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steve tomkins
crows nest
By Stephen Tomkins
More Crow's Nests here
Profitable evangelism
July 2000

If you've ever had occasion to engage in evangelism, you'll have a pretty good idea what banging your head against a brick wall is like. The church has tried all kinds of techniques over the years to persuade people to listen to its message.

There's the Big, such as Dr Graham's stadium rock approach, and the Subtle – wearing a little metal fish on your lapel. There's the Classical – outlawing alternatives and burning heretics; the Modern – the tearful kitsch of televangelism; and the Ultra-post-modern – putting tracts on the Internet.

There's the Liberal, rewriting the gospel to meet the demands of the contemporary market. And there's the Scary: an associate of mine stands outside Costcutters with a megaphone, a harmonica and a shopping trolley covered in Bible texts.

Now, however, Rev Michael Pfleger has, I believe, come up with something entirely new. You could call it a more cynical take on human nature. You could call it an expensive insight into the grace of God. Or you could call it a last resort.

Whichever way, Rev Michael has decided, rather than searching for new ways to engage his target audience's attention, to buy it. The scheme is aimed at the prostitutes and drug dealers who live in his parish in the South Side of Chicago.

"When you go to somebody who says, 'I charge this much for half an hour,'" explains Pfleger, "you need to use a new approach. Let's say, 'We're going to buy your time. But for this half hour, we want to sit down and talk about God's love for you.'"

Unveiling the scheme to his congregation in a Sunday sermon, he told them that they had to be willing to try radically new ways to reach people, and that he was sending them out in pairs at night.

"Instead of wasting money going to banquets,'' he urged, in a suggestion open to serious misinterpretation by anyone who hadn't been following the sermon up to that point, "let's take that $20 banquet ticket, let's go out and find the prostitutes and drug dealers."

The congregation, responded immediately with donations and volunteers.

Crow's Nest gives Rev Michael an uncharacteristically sincere salute and tot of rum. It might be said that his approach does not, in itself, address the fundamental social problems of the group he aims at – but then how many ministers do?

The beauty of Pfleger's scheme is its efficiency. Just think of all the money and effort that churches plough into elaborate productions to persuade people to listen to the Christian message. The music, the drama, the preparation and practice, the sound and light and other equipment, the preachers, the publicity, the stadiums, the crusader uniforms. And usually to audiences the vast majority of whom are actually Christians. Pfleger simply cuts out the middleman. Cut through the palaver and give the money straight to your audience.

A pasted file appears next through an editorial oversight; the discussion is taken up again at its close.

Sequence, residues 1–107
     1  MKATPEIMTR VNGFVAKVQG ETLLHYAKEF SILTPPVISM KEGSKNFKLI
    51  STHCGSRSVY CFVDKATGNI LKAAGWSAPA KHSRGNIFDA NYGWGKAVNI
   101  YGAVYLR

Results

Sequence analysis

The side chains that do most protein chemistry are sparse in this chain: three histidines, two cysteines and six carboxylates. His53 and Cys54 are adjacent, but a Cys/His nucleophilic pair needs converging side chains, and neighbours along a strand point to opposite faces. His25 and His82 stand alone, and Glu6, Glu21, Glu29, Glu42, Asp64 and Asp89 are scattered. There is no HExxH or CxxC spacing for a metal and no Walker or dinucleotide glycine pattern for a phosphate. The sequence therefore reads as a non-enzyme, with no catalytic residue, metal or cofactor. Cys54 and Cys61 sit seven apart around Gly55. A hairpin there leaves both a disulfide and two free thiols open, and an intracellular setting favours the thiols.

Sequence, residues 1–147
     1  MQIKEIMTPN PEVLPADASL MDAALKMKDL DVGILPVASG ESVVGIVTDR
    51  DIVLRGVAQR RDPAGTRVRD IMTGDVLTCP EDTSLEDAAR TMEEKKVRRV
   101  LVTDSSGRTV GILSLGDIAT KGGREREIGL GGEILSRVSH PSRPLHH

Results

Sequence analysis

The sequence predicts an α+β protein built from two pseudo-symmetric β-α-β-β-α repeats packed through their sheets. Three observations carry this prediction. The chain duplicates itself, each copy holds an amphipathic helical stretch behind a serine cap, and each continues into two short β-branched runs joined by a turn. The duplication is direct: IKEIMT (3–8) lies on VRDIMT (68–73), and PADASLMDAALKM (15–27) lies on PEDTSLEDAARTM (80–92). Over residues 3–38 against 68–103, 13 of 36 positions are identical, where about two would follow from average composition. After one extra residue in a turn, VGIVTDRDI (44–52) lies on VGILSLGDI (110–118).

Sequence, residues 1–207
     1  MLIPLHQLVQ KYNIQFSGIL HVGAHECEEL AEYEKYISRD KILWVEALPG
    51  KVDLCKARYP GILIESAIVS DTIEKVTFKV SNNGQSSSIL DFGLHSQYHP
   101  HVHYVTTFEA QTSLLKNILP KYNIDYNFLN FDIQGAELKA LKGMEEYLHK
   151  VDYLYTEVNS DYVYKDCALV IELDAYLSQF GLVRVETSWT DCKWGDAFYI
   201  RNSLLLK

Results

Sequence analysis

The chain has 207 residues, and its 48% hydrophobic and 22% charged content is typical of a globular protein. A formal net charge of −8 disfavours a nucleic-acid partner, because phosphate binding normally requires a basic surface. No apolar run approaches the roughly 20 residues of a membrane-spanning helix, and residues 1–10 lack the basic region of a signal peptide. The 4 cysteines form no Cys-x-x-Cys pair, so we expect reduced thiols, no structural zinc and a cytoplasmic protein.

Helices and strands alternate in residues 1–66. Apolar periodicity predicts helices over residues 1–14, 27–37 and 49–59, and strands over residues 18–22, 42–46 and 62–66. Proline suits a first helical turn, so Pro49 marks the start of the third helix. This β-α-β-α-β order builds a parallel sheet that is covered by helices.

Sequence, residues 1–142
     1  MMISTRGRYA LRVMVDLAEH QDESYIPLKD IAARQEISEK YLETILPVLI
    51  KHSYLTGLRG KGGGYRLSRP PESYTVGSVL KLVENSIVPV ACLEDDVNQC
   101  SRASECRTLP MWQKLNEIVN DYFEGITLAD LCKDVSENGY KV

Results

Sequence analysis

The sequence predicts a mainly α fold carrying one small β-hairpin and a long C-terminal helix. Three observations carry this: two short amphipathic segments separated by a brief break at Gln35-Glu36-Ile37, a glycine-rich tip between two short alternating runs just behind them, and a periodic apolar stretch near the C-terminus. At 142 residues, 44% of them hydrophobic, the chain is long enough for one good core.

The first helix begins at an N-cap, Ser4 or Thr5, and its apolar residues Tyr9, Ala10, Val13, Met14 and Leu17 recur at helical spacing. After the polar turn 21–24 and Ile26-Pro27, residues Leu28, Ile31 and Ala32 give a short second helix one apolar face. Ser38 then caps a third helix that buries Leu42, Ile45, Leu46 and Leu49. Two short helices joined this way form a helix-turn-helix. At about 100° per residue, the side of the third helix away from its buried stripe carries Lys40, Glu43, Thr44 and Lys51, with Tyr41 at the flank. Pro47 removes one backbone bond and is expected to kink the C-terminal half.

That's got to interest more people than having the youth group act out the parable of the prodigal son.

And the precedent is good. Christian campaigners like William Booth and Lord Shaftesbury believed that before you preach to people who struggle to make ends meet, you have to earn a hearing, and so offered them food and accommodation. Pfleger just seems to trust people to spend the money for themselves.

And the fact is that money talks. The church may claim to speak a different language, but that claim is somewhat belied by the importance it places on fundraising, offerings and tithes, by the wealth of the established churches, and by the phenomenal market of the multi-media Christian sub-culture.

The church talks a lot about the good news of the value that God places on human lives. And so it should. It preaches about it, sings about it, writes about it, yells about it through a megaphone outside Costcutters. Pfleger and his church are making a wild bid to cash in the rhetoric and put their money where their mouth is. Since they are not merely talking about valuing people, but doing it – placing enough worth in their audience's attention to pay for it – maybe the message could even get through.

Good luck to them, I say. And if it doesn't work, I know where they can get hold of a good megaphone.
also see
hubris 2
Mark Howe's regular rant about Internet culture
strangely warmed
Andrew Rumsey's regular column about the religious life
loose canons
Stephen Tomkins' regular round-up of the saints of yore who were one wafer short of a full communion
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